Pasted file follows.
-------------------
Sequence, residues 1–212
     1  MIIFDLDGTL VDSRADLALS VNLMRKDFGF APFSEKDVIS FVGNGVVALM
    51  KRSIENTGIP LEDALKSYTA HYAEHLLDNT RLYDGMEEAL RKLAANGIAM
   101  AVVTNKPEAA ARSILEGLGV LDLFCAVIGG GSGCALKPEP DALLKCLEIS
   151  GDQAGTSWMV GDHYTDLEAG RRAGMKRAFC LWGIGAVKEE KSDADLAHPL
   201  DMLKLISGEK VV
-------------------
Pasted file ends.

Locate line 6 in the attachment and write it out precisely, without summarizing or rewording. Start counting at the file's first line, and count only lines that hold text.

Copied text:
   201  DMLKLISGEK VV